The figurative painter Philip Pearlstein, speaking recently in his Manhattan studio, recounted being sternly warned by Ad Reinhardt when they were both teachers at Brooklyn College that he would "be responsible for the souls" of all the people he painted. "He meant it," Mr. Pearlstein said with a smile. "He wasn't joking."

Asked if he thought life drawing should be emphasized in art schools now, Mr. Pearlstein said: "Only if people want it. You invite all sorts of prejudices against yourself as an artist if you do it, which makes it challenging. You want to get away with it." One Who Dares

Eric Fischl, one of the few younger figurative artists to have gotten away with it, made his name in the 1980's with raw, sexually charged images of suburban life in which the body, oozing suntan oil and neurosis, forcefully reclaimed center stage. Nonetheless, despite the prominence of the figure in his work, Mr. Fischl readily admits that drawing feels very much like an acquired skill, one he had to teach himself after leaving art school, where drawing wasn't taught.

To some, Mr. Fischl's lack of training as a draftsman is a serious flaw; others argue that his paintings gain in power precisely because of the slapdash quality of his draftsmanship. His critics would argue that to paint in a consciously careless manner, an artist needs to know how to render a figure skillfully in the first place. Others seem to believe that in a modern context, average drawing skills are enough; what matters is the overall composition. Both sides, in different ways, evince a horror of academicism, the "beautifully" drawn or painted figure, in much the same way rock musicians disdain perfect pitch. In the modern world, graininess and rough edges convey authenticity.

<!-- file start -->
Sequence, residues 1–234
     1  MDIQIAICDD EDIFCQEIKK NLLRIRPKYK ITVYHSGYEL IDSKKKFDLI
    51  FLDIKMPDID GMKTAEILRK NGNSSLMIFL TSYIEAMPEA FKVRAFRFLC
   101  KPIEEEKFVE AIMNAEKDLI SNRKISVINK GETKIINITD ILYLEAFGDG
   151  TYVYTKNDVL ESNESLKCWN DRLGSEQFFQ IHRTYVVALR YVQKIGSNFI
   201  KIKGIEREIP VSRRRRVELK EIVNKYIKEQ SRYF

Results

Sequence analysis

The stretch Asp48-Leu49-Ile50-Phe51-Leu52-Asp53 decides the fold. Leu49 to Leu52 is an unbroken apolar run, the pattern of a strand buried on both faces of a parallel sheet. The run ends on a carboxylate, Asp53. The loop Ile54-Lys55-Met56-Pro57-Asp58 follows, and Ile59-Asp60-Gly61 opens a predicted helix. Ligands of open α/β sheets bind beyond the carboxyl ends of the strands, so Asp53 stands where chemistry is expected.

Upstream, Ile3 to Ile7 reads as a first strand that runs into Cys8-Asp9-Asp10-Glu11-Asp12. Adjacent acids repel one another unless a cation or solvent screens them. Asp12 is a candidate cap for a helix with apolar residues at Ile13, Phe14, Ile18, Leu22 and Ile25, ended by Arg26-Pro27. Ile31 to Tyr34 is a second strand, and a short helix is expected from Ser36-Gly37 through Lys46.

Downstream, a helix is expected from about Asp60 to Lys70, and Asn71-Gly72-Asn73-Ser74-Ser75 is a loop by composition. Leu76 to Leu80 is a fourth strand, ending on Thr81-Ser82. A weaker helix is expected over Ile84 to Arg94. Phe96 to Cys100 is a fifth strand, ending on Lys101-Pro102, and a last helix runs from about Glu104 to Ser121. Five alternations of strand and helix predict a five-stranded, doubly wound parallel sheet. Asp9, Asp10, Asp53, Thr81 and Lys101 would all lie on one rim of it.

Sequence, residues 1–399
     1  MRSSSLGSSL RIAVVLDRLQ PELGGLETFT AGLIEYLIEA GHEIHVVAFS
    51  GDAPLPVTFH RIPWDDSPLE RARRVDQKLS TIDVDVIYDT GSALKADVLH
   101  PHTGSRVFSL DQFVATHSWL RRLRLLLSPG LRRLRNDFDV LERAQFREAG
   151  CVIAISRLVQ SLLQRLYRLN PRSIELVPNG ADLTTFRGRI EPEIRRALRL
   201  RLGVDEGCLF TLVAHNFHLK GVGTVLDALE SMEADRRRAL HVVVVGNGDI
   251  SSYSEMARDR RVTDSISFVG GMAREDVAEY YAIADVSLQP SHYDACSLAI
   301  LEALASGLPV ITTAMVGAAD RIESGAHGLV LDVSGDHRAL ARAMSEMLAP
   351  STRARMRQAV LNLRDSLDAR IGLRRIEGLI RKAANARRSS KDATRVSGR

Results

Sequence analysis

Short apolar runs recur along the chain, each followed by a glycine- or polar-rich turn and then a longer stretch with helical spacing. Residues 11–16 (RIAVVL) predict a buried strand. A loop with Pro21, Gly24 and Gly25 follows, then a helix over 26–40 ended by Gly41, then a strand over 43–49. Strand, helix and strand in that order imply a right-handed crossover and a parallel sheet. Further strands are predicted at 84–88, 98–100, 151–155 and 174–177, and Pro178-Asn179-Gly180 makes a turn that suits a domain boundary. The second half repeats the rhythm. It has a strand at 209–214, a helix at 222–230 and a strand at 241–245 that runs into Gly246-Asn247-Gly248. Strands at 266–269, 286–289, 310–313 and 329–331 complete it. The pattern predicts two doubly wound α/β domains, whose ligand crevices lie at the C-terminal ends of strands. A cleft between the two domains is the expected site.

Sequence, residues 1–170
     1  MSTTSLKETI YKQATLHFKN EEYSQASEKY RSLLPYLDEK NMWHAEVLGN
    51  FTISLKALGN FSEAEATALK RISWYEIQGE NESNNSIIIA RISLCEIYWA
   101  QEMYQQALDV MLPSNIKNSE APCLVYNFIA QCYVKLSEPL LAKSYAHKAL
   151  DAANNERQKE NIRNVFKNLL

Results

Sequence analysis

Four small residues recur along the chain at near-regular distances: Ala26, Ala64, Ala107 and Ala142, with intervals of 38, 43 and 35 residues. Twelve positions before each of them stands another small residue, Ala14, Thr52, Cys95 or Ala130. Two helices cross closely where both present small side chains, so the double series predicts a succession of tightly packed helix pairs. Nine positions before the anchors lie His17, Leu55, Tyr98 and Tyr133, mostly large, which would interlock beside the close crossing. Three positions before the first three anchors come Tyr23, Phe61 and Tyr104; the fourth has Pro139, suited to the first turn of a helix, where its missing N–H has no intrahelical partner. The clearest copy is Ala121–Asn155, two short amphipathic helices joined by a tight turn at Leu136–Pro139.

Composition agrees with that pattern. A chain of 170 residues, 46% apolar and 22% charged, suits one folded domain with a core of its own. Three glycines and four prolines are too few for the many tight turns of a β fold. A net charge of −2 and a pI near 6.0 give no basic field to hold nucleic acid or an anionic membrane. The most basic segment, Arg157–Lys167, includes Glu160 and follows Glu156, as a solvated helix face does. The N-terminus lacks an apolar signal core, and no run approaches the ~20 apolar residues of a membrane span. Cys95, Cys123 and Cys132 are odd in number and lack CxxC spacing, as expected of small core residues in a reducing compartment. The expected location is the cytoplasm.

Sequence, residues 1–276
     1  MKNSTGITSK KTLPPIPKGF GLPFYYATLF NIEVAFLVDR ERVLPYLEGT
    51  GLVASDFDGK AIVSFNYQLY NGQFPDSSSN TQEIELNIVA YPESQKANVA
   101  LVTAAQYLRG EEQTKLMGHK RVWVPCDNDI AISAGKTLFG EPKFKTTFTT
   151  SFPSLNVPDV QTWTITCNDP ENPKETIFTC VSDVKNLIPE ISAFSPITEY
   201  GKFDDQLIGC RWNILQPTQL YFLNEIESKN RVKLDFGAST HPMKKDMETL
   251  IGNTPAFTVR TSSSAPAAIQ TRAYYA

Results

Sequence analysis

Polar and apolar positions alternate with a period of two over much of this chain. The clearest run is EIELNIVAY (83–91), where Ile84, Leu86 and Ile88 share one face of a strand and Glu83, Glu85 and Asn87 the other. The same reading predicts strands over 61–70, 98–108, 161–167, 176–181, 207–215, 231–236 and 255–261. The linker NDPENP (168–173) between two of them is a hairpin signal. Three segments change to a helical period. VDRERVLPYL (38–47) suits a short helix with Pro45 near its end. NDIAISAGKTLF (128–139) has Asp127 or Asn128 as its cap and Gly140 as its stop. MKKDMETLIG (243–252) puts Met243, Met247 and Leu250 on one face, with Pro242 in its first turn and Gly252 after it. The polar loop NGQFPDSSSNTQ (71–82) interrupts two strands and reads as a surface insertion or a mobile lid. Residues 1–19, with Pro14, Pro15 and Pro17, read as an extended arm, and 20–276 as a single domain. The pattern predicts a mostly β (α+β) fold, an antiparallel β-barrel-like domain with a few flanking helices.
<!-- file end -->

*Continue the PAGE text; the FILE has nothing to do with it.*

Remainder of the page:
So where does this leave life drawing? While it might seem ludicrous for the beginner to draw expressively before knowing how to get proportions right, most schools now emphasize personal expression over systematic training. But how far should an aspiring artist go along the path of drawing well, of attaining technical mastery? In the Renaissance, the answer was simple: to the end of the path, where popes and patrons waited with handsome commissions. In 1994, even among the minority who agree on the existence of a problematic pathlike entity, just how far one should go on it is a matter of dispute. Two Extremes of Instruction

Camped furthest up the path is the Graduate School of Figurative Art of the New York Academy of Art, founded on the assumption that the artistic instruction of the Renaissance and the French Academy is still valid. (Andy Warhol was one of its supporters.) At the academy, the intent is clearly that students should learn to draw well. They undergo four semesters of figure drawing, as well as cast drawing and detailed instruction in anatomy and perspective. James Lecky, the chairman of the school's master of fine arts program, said the aim was for students eventually to be able to draw figures without reference to photographs or models.